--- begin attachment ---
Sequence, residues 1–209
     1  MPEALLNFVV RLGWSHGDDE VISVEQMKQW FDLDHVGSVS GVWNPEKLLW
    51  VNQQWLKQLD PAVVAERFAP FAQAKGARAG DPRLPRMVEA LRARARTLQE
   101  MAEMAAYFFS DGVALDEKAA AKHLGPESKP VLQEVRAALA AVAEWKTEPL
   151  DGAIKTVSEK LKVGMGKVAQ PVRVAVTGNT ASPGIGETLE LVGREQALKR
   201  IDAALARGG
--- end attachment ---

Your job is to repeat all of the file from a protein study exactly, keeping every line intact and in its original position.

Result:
Sequence, residues 1–209
     1  MPEALLNFVV RLGWSHGDDE VISVEQMKQW FDLDHVGSVS GVWNPEKLLW
    51  VNQQWLKQLD PAVVAERFAP FAQAKGARAG DPRLPRMVEA LRARARTLQE
   101  MAEMAAYFFS DGVALDEKAA AKHLGPESKP VLQEVRAALA AVAEWKTEPL
   151  DGAIKTVSEK LKVGMGKVAQ PVRVAVTGNT ASPGIGETLE LVGREQALKR
   201  IDAALARGG